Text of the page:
Racial, Ethnic, and Gender Diversity Lacking in Surgical Leadership

Furthermore, women and underrepresented racial, ethnic groups are clustered in roles that may not lead to future promotions

FRIDAY, Nov. 3, 2023 (HealthDay News) — Gender, ethnic, and racial diversity are lacking in leadership positions across U.S. academic surgery departments, according to a study published online Oct. 11 in JAMA Surgery.

Yoshiko Iwai, from University of North Carolina at Chapel Hill School of Medicine, and colleagues assessed how racial, ethnic, and gender diversity among U.S. academic surgery department leaders differs across roles and surgical specialties. The authors searched publicly accessible medical school and affiliated hospital websites in the United States and Puerto Rico (154 surgical departments affiliated with 146 medical schools; Jan. 15 to July 15, 2022). In total, 2,165 faculty were in included in the analysis.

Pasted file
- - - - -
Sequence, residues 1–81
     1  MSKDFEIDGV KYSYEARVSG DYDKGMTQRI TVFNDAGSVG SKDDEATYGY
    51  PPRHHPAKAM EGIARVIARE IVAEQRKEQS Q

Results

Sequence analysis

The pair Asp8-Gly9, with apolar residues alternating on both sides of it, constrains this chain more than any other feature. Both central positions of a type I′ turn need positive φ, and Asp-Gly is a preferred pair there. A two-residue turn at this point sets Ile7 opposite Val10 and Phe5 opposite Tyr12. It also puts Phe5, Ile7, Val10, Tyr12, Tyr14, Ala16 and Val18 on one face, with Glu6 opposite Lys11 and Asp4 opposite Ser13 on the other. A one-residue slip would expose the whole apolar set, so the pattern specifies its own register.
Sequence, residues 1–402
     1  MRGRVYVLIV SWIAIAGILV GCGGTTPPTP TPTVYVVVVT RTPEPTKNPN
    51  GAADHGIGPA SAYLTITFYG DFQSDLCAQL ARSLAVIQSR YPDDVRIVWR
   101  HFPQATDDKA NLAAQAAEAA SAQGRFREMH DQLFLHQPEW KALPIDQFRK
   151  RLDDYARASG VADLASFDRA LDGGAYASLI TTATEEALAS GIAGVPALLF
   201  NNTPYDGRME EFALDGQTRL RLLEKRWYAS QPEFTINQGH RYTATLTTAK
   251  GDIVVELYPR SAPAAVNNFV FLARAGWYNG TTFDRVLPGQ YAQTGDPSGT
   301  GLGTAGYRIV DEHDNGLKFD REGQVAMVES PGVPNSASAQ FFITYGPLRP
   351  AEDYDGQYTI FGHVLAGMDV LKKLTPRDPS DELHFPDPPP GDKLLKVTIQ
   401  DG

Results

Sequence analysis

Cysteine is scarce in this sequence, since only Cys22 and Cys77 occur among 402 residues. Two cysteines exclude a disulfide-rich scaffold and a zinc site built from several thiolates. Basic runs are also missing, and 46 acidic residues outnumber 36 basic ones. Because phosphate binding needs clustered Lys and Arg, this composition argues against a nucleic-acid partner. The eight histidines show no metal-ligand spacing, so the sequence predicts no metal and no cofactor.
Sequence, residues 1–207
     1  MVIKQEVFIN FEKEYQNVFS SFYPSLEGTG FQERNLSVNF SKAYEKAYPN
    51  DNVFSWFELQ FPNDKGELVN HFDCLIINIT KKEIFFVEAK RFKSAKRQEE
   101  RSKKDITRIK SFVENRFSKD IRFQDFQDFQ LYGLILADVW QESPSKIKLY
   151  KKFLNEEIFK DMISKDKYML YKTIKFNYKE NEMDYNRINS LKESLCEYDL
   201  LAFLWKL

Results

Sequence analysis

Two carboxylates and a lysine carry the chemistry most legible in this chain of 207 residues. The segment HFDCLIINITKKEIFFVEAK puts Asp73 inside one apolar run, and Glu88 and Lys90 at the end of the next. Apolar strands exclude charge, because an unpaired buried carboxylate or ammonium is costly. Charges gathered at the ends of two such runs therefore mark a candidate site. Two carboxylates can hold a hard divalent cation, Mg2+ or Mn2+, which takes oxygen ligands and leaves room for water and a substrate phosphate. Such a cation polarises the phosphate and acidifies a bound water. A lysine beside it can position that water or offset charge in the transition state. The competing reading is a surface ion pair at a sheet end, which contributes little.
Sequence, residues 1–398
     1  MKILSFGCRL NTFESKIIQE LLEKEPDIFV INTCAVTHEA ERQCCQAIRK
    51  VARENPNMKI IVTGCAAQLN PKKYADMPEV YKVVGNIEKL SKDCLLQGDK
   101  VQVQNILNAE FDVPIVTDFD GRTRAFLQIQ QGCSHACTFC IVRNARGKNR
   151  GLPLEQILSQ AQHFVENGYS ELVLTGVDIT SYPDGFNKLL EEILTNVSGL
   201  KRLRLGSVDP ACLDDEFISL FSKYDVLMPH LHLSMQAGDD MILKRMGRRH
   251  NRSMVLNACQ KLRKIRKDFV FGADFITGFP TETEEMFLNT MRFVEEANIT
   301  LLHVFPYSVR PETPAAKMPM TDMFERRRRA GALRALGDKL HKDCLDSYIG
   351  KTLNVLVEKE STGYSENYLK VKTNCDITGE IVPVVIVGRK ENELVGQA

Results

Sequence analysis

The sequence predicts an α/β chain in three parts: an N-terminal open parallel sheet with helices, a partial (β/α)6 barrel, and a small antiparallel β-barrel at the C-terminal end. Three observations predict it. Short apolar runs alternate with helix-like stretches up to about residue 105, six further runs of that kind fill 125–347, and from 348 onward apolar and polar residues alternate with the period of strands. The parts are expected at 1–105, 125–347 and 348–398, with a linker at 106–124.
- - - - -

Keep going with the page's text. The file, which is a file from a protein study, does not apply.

The researchers found that there were more men than women in leadership positions at all levels — chairs (85.9 versus 14.1 percent), vice chairs (68.4 versus 31.6 percent), and division chiefs (87.1 versus 12.9 percent). Furthermore, only 192 leaders (8.9 percent) were from racial or ethnic groups that are underrepresented in medicine (URiM). Both overall and within racial and ethnic groups, women occupied more vice chair than chair or division chief positions. URiM individuals were most commonly seen as vice chairs of diversity, equity, and inclusion (51.6 percent) or faculty development (17.9 percent). URiM representation was greatest for division chief roles in transplant surgery (13.8 percent) and lowest in oral and maxillofacial surgery (5.0 percent). Women made up <20 percent of division chief roles, except for breast and endocrine surgery (63.6 percent). Nearly half of division chiefs (46.2 percent) and vice chairs (44.4 percent) had no female URiM leaders.

“Female and URiM surgical leaders are disproportionately clustered in roles (e.g., vice chairs of diversity, equity, and inclusion or faculty development) that may not translate into future promotion to department chairs,” the authors write.

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